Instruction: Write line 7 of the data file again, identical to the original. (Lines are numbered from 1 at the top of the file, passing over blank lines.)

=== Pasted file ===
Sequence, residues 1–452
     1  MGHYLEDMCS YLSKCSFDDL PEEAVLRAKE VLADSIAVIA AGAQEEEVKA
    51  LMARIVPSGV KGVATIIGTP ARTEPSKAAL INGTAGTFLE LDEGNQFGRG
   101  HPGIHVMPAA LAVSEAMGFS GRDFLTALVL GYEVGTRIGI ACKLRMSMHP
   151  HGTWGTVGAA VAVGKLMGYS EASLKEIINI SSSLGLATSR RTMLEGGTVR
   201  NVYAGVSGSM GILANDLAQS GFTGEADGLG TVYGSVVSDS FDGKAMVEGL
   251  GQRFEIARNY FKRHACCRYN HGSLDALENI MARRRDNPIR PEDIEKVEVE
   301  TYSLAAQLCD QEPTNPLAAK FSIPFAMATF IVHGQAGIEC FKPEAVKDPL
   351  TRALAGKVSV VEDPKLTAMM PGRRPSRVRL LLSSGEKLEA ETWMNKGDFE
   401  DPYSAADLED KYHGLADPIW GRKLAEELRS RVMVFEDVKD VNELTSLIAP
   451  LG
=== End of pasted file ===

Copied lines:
   251  GQRFEIARNY FKRHACCRYN HGSLDALENI MARRRDNPIR PEDIEKVEVE